I picture an all-out rat race when I think of my life post-grad, one of Ratatouille-sized proportions. I see a stream of clamoring bodies, sacks of fur scampering over one another and tirelessly pushing forward. It’s an image of vigorous, almost violent, effort — and all for a hunk of cheese dangling from a stick. It’s close enough to invite temptation, but it’s always hanging in the distant beyond. Just barely out of reach.
It’s only a matter of time before I, too, jump into the madness and enter the rat race.
I spent a good chunk of my winter break tumbling down a LinkedIn rabbit hole. December and January watched me slosh through light masochism. I wasted hours sifting through old friends’ job announcements and early graduation posts, through their humble brags and not-so-humble flexes. The more I scrolled, the more I found myself in deep spirals of frustration, wondering how and why the rest of the world seemed to have unlimited stores of energy and talent and time. And wondering how I had fallen so pathetically far behind.
But during one of these LinkedIn benders, knee-deep in a bout of self-pity, a funny thing happened: I started to admire the audacity of the platform. I mean, LinkedIn’s really got nerve. These days, all other social networks hinge on some tightrope of contrived authenticity. There are endless paradoxes for how we should present ourselves online: Appear unattainable, but remain relatable. Ooze commercial appeal, but project authenticity. Impress effortlessly.
But LinkedIn is different. It rejects the balancing act: To be “good” at LinkedIn is to be confident about displaying your effort and your desire to impress. There is no pretense of authenticity or humility. We’re allowed to lean into self-centered presentations, and we’re invited to share every accomplishment loudly and proudly. On LinkedIn, we can be honest that our online social activities are actually personal self-marketing campaigns — and, in effect, LinkedIn also grants us permission to be candid about our careerist dispositions, our thirst for what society labels as “success.”
This particular effect of LinkedIn is notable because, too often, we devote time to trying to obscure how much we value the fruits of our labor under capitalism.
I’ve spent most of my college years pretending to be above the rat race, avoiding job applications and internships as if I can reject the pressure of capitalism through moral abstention. It’s been easy, actually, to develop a sense of moral superiority in college. Higher education supplies us with the space and privilege to analyze the world around us from a distance. I am in a fortunate position as a Cornell student to worry little about day-to-day survival and earning livable wages. Instead, I’ve sat on the $2,000 benches at Zeus, far away from any real workplace. I’ve taken notes and learned about the systems that perpetuate inequality, all while avoiding direct participation in them.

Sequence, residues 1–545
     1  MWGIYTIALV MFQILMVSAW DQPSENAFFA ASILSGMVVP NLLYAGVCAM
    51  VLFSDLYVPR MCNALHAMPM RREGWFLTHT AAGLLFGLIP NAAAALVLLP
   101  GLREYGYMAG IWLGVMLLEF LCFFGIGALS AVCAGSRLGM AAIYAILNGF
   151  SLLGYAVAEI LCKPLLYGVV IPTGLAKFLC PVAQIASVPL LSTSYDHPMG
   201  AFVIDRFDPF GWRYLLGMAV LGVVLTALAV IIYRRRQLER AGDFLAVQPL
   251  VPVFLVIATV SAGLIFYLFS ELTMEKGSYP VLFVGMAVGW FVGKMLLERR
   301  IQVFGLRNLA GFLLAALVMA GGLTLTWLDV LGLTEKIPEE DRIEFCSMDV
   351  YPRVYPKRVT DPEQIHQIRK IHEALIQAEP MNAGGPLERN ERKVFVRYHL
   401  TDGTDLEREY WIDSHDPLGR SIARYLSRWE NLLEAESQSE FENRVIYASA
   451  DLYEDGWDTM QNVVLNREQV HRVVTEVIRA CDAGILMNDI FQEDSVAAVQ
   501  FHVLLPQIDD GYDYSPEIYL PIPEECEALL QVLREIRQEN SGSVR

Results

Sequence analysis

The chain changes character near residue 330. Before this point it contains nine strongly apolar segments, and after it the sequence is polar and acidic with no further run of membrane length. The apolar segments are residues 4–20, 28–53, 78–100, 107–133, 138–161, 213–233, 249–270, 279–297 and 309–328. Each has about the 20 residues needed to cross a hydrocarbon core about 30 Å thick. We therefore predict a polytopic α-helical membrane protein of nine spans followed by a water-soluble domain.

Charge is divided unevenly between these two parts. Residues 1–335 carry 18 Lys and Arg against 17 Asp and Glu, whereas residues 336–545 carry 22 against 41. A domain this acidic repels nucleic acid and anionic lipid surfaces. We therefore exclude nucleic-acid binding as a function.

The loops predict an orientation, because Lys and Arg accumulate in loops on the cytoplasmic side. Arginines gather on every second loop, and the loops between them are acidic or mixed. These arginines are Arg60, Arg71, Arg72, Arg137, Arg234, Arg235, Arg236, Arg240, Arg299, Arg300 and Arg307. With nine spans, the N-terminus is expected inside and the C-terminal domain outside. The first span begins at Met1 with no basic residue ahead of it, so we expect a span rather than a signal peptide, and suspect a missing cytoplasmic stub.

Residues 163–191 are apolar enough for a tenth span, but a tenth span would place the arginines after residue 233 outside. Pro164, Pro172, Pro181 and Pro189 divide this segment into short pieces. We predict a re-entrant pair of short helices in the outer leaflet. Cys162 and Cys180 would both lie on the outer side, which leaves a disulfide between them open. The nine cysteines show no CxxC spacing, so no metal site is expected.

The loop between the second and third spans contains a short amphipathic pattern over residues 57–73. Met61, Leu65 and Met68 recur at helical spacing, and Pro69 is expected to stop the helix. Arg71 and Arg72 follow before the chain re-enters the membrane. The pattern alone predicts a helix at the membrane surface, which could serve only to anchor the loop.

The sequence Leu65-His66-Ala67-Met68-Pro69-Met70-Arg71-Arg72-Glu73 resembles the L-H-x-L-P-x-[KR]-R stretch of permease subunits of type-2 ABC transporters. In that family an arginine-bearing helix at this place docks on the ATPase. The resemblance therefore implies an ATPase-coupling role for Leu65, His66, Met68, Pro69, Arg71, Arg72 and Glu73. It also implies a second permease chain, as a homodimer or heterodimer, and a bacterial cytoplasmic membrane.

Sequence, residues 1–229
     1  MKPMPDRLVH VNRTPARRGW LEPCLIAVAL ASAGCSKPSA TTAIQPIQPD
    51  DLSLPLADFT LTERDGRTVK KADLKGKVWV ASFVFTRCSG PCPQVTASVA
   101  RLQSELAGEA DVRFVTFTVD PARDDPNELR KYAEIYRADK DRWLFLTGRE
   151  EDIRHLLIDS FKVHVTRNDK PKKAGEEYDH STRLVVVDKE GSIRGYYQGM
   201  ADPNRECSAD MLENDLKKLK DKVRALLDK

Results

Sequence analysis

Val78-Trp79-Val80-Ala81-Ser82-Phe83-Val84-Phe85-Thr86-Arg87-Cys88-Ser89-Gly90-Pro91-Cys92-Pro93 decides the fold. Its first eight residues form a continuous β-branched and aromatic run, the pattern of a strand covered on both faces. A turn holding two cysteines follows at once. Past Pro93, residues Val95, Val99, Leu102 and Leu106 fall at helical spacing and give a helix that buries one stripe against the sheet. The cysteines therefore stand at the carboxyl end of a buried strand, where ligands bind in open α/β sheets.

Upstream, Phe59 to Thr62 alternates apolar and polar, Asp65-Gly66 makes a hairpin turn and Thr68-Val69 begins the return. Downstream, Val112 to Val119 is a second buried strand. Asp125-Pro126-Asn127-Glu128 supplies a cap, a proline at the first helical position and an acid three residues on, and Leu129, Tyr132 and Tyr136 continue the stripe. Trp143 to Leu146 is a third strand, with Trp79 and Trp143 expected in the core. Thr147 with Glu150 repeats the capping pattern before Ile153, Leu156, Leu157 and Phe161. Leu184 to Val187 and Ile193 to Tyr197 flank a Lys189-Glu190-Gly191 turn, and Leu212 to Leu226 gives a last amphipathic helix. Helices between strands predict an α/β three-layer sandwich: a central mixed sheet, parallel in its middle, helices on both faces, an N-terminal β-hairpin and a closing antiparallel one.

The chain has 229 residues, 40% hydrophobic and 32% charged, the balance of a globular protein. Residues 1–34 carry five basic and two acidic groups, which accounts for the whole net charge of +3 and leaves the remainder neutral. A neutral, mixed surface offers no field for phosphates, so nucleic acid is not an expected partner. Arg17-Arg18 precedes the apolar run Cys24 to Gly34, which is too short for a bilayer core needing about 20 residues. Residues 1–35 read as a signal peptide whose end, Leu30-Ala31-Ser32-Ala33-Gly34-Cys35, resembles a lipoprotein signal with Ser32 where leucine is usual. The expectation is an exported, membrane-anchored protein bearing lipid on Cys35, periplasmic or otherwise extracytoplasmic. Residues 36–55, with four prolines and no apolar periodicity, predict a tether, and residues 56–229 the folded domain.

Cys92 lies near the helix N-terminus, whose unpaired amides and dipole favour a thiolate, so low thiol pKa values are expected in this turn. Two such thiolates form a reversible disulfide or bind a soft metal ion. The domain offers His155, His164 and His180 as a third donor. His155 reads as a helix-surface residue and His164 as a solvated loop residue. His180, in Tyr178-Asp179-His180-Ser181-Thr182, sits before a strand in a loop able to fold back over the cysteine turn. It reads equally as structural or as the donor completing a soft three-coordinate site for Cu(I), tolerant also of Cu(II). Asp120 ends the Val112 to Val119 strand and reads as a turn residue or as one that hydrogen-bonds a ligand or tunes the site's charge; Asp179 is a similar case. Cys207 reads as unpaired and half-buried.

But the view from the ivory tower is always idyllic, up until the point when we have to plunge down and into the thicket of adult reality.
I’ve finally hit my last semester at Cornell. I suppose it should feel like an accomplishment, but really, it just feels frightening to stare down at a life where I’ll no longer be measuring time in semesters. What will happen when I no longer have the privilege of college cloistering me away from the real world? Come May, idealism will hit reality, and four years of shiny privilege may pave into what I’ve been afraid of for so long: losing my selfhood to turn the wheel of capitalism.
Or maybe, if I’m embracing the LinkedIn mentality and being candid about my tilt toward careerism, I might admit to myself that, all along, college was never my escape from the rat race. It’s been my pathway toward it. I might admit that tearing up my California roots to endure four frigid years in Ithaca wasn’t a decision to “find myself” or “step out of my comfort zone” or “grow” — no, attending Cornell was a conscious submission to my ambitious cravings.
It’s easy to Stockholm your psyche when you throw around empty buzzwords, but the facade buckles when we begin to see college for what it is: four years meant to maximize our value on the job market. We come to college because we desire a success measured in six-figure salaries and job promotions and raises, and because we long for the affordances attached to those things: personal freedom, social cachet and comfort.
It’s why parents shovel tens of thousands of dollars toward college tuitions, why students accept massive loans as a fact of adult life, why mega-celebrities break laws in order to finagle their already-moneyed children through the gates of higher education.
I’ve got three more months left to bask in the glow of the Great College Experience. Whether or not I’ve stacked my resumé up with enough workable skills and experiences will be answered in due time. I’ll likely waste more hours down the LinkedIn rabbit hole, polishing up my profile and loathing how much we’ve been encouraged to bend to our inner careerists.
But again, I suppose this is what I’ve been working toward all along.
I can hear the rumbling of rodent paws loud and clear now. A sea of rats anticipating May graduation. And I can see my future self, too: throwing my body into the mob and clawing my way toward that glob of cheese.
It’s only a matter of time before I take my place in the rat race.
Niko Nguyen is a senior in the College of Agriculture and Life Sciences. He can be reached at [email protected] Fault Line runs every other Friday this semester.